reading to girlWhen should I start brushing my baby’s teeth?
As soon as teeth appear in your child’s mouth they should be cleaned daily. Use a small, soft toothbrush designed for infants. Brush all teeth completely clean each day at bedtime.

When should my child see a dentist for the 1st time?
Children should be seen by the dentist by their first birthday (sooner if you have concerns regarding their oral health).

How do I prevent “bottle rot?”
When children frequently drink (or eat) foods that contain sugars, fast spreading cavities can result. Things that “contain sugars” include milk, juice and almost all substances except water. To prevent these aggressive cavities, do the following: Brush your child’s teeth twice daily (once at bedtime), NEVER put your child to bed with anything to eat or drink (except for water) and limit your child’s daytime food and drink to set meal and snack times.

What about fluoride?
Consuming the right amount of fluoride every day lowers a child’s risk of cavities. Some children receive fluoride from the water they drink (there is no fluoride in the Eugene/Springfield water). Those without fluoride in their water can get enough by taking a daily supplement (drops or chewable pills). Children who drink fluoridated water or take supplements can still use toothpaste with fluoride to brush their teeth as long as they spit after brushing and do not swallow the toothpaste.

My child has a toothache, what should I do?
In the event of a toothache, begin by cleaning around the sore tooth very carefully. Warm salt water can be used to rinse the area and dental floss can be used to pull out any food trapped in between teeth. UNDER NO CIRCUMSTANCES should you use aspirin on the aching tooth or on the gum (aspirin should never be given to children). For temporary pain relief, acetaminophen is recommended. See a dentist as soon as possible.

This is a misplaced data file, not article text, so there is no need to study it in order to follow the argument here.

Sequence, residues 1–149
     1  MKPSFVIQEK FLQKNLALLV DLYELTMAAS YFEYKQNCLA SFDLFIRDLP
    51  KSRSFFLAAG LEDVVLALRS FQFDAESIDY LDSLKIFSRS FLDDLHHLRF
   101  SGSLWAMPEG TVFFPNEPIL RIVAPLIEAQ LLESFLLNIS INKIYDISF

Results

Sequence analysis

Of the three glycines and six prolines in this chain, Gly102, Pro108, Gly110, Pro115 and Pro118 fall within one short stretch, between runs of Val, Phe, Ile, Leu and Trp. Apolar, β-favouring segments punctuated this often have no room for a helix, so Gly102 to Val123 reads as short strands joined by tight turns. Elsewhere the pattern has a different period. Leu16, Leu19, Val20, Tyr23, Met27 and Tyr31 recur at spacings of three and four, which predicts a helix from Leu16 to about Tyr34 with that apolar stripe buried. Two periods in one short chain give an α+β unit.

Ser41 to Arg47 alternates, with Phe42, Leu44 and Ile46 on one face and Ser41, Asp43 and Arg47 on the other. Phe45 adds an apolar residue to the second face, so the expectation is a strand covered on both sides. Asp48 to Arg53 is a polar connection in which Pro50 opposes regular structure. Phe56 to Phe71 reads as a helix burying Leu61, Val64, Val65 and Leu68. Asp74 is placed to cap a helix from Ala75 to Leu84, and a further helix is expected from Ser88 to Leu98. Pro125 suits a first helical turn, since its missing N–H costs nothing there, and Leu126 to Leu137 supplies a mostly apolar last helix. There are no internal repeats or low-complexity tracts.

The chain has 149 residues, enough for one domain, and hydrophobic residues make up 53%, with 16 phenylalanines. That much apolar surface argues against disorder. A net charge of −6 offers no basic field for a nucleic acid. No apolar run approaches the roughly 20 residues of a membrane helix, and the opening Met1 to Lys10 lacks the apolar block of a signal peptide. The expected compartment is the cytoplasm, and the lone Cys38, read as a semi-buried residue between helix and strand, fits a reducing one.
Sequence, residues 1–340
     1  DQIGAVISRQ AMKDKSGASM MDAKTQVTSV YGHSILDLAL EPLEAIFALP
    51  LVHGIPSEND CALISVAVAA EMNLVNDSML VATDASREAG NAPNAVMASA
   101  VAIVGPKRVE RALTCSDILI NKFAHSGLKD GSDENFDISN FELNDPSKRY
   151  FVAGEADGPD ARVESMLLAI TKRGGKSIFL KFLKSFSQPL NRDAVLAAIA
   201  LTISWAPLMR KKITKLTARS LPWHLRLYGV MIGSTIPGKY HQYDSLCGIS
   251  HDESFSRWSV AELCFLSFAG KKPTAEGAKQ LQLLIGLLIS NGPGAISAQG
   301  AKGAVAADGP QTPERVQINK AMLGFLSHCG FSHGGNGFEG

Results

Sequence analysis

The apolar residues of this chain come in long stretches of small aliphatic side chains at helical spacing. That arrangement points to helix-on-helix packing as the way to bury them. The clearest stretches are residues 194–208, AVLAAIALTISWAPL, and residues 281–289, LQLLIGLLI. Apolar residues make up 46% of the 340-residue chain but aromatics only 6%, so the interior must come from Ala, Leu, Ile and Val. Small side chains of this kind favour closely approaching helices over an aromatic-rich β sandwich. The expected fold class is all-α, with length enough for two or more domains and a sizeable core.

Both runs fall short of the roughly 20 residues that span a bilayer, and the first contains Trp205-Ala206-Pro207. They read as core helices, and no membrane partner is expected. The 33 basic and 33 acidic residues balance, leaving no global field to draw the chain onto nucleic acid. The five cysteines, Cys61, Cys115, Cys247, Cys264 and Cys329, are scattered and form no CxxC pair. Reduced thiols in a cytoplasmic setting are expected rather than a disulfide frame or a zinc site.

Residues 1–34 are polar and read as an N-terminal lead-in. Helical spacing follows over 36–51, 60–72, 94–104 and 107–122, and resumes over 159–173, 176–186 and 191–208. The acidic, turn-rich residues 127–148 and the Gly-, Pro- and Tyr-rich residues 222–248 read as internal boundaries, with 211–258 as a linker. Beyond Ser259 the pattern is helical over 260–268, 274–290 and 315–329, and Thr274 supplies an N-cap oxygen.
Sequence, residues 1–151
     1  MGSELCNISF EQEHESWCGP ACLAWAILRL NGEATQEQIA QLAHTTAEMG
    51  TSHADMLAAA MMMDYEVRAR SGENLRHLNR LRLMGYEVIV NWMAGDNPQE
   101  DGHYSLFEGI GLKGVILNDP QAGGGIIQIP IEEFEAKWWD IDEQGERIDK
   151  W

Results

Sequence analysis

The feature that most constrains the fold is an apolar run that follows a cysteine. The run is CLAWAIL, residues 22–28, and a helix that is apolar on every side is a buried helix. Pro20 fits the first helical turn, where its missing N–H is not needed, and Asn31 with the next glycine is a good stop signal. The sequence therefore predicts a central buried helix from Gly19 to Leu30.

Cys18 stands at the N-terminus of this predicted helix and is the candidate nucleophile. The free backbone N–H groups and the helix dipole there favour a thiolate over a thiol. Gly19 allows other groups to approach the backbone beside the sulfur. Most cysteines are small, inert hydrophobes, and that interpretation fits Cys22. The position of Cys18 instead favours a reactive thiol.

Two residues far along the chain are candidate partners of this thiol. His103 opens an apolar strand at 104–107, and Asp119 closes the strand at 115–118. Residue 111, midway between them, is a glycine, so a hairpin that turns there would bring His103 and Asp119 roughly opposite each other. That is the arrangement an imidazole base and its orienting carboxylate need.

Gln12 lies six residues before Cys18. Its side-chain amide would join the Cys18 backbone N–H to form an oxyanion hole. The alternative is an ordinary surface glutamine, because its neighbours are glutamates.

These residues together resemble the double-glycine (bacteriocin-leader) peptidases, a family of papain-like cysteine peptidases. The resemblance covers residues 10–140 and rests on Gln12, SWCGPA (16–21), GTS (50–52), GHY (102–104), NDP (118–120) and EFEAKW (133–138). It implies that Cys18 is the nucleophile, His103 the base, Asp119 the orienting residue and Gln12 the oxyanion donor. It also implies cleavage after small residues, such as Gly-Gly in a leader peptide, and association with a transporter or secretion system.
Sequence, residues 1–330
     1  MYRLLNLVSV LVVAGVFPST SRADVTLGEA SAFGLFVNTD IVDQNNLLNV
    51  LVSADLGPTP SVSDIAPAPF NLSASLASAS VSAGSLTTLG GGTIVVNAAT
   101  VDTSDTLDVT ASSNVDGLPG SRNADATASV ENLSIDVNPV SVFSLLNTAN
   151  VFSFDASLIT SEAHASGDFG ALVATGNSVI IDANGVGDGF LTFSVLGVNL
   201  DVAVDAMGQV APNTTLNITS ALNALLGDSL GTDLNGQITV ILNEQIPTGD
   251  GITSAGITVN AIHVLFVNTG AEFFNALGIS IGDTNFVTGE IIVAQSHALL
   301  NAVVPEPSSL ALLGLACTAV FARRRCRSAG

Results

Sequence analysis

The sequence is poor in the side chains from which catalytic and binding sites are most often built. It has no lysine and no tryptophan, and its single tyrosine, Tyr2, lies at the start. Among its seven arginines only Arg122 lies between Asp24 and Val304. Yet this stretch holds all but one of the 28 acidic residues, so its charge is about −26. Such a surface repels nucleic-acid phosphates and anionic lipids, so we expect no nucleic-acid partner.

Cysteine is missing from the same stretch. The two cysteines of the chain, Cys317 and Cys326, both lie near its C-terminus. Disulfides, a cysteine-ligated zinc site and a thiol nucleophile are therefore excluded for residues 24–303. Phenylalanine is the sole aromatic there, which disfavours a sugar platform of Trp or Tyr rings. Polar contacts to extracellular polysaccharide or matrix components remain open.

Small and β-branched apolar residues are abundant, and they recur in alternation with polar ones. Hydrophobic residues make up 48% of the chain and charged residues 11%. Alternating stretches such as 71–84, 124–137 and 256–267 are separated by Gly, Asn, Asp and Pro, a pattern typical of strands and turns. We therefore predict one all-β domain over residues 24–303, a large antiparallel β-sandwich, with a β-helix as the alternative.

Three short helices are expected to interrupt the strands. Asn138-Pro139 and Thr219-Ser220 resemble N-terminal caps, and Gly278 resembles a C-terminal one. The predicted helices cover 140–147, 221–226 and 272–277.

What do I do about broken braces and wires?
Remove a broken appliance only if it comes out easily. If it is lodged or painful to remove, cover any protruding edges with wax, cotton balls, gauze or chewing gum. DO NOT REMOVE any wire caught in the gums, cheek or tongue. See a dentist as soon as possible. While emergency attention is usually not required for loose or broken appliances that cause no discomfort, an appointment should be scheduled quickly to evaluate the appliance.

What about a broken tooth?
Rinse the area with warm water. Put a cold compress over the facial area of the injury. Recover any broken tooth fragments. See a dentist as soon as possible.

What should I do for a “knocked out” permanent tooth?
Recover the tooth, making sure to hold it by the crown (top) and not the root end. Rinse, but do not clean or handle the tooth more than necessary. Reinsert the tooth in the socket and hold it in place using a clean piece of gauze or cloth. If the tooth cannot be reinserted, carry it in a cup containing milk (or a tooth preservation solution if one is available). Because time is essential, see a dentist immediately.

How do I handle a cut or bitten tongue, lip or cheek?
Ice can be applied to any bruised areas. For bleeding, apply pressure with sterile gauze or a clean cloth. If the bleeding does not stop with pressure or continues after 15 minutes, go to an emergency room.